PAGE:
The New York Times:
I spent five unexpected hours in an airport this Thanksgiving holiday when our plane had mechanical difficulties and we had to wait for another plane to arrive. So I had plenty of time to think about the subject of boredom.
I won’t lie to you. Half a day in an airport waiting for a flight is pretty tedious, even with the distractions of books, magazines and iPhones (not to mention duty-free shopping).
But increasingly, some academics and child development experts are coming out in praise of boredom.
Sometimes we think we’re bored when we just have difficulty concentrating. In their study, “The Unengaged Mind: Defining Boredom in Terms of Attention,” which appeared in the journal Perspectives on Psychological Science in September, Professor Eastwood and his colleagues pointed to an earlier experiment in which participants listened to a tape of a person reading a magazine article.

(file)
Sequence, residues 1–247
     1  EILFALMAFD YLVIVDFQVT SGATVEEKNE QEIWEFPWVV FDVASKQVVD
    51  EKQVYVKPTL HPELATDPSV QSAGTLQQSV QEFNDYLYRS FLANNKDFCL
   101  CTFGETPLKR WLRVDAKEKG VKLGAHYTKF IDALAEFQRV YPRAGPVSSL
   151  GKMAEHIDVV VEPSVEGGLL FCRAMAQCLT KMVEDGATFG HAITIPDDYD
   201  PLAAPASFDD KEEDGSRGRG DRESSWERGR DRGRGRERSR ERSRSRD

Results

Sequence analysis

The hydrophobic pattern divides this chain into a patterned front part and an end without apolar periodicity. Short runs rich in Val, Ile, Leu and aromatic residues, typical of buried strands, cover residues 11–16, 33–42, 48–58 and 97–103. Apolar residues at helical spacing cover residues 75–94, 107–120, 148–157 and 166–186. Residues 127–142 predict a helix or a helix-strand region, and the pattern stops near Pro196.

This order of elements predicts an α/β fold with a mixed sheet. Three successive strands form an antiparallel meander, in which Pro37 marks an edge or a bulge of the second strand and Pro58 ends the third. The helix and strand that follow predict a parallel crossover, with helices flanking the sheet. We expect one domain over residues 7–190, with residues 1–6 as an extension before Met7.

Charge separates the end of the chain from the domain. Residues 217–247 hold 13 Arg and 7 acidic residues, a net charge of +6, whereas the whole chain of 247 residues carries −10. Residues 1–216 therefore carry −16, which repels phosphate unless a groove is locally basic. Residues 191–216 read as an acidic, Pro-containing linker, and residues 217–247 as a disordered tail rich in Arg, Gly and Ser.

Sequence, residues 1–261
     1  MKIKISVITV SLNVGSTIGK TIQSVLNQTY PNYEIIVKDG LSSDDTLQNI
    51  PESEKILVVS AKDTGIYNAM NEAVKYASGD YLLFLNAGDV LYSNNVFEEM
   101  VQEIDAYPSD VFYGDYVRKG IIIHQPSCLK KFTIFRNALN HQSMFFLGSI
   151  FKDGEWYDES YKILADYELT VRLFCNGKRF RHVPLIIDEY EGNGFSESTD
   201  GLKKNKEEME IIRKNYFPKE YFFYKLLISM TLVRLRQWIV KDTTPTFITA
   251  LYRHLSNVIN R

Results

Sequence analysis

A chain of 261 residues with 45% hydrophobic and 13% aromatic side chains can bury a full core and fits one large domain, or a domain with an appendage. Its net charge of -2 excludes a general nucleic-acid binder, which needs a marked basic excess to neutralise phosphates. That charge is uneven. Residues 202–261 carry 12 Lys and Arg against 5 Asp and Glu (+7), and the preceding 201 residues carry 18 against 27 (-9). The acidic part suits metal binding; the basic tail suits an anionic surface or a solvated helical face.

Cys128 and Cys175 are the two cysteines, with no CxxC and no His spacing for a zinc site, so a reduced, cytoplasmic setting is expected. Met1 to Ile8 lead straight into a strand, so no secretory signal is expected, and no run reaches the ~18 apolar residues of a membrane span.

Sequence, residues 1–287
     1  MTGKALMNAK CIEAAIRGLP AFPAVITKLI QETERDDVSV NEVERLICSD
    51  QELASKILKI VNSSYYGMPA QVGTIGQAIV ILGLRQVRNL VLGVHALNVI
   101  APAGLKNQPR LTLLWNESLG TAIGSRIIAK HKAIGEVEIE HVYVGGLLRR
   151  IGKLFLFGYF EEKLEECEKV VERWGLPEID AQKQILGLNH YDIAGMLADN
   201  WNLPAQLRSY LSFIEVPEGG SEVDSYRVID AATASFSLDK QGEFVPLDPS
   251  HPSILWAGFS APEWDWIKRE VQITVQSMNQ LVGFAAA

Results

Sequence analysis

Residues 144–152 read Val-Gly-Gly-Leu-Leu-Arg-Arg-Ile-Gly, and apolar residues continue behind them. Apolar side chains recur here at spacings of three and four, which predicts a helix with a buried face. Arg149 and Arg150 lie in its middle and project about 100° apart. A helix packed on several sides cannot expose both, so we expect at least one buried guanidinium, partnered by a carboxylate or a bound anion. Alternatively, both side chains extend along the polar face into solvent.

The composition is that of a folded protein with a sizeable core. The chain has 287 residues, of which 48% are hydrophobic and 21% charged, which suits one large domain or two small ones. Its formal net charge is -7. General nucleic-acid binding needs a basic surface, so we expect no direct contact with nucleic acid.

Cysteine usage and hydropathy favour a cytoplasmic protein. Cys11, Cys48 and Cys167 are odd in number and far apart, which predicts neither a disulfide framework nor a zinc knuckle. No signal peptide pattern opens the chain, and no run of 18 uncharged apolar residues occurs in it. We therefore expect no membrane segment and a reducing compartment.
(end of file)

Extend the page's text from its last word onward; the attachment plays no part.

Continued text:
Some groups heard a loud and unrelated television program in the next room, others heard it at a low level so it was barely noticeable, while the third group didn’t hear the soundtrack at all.
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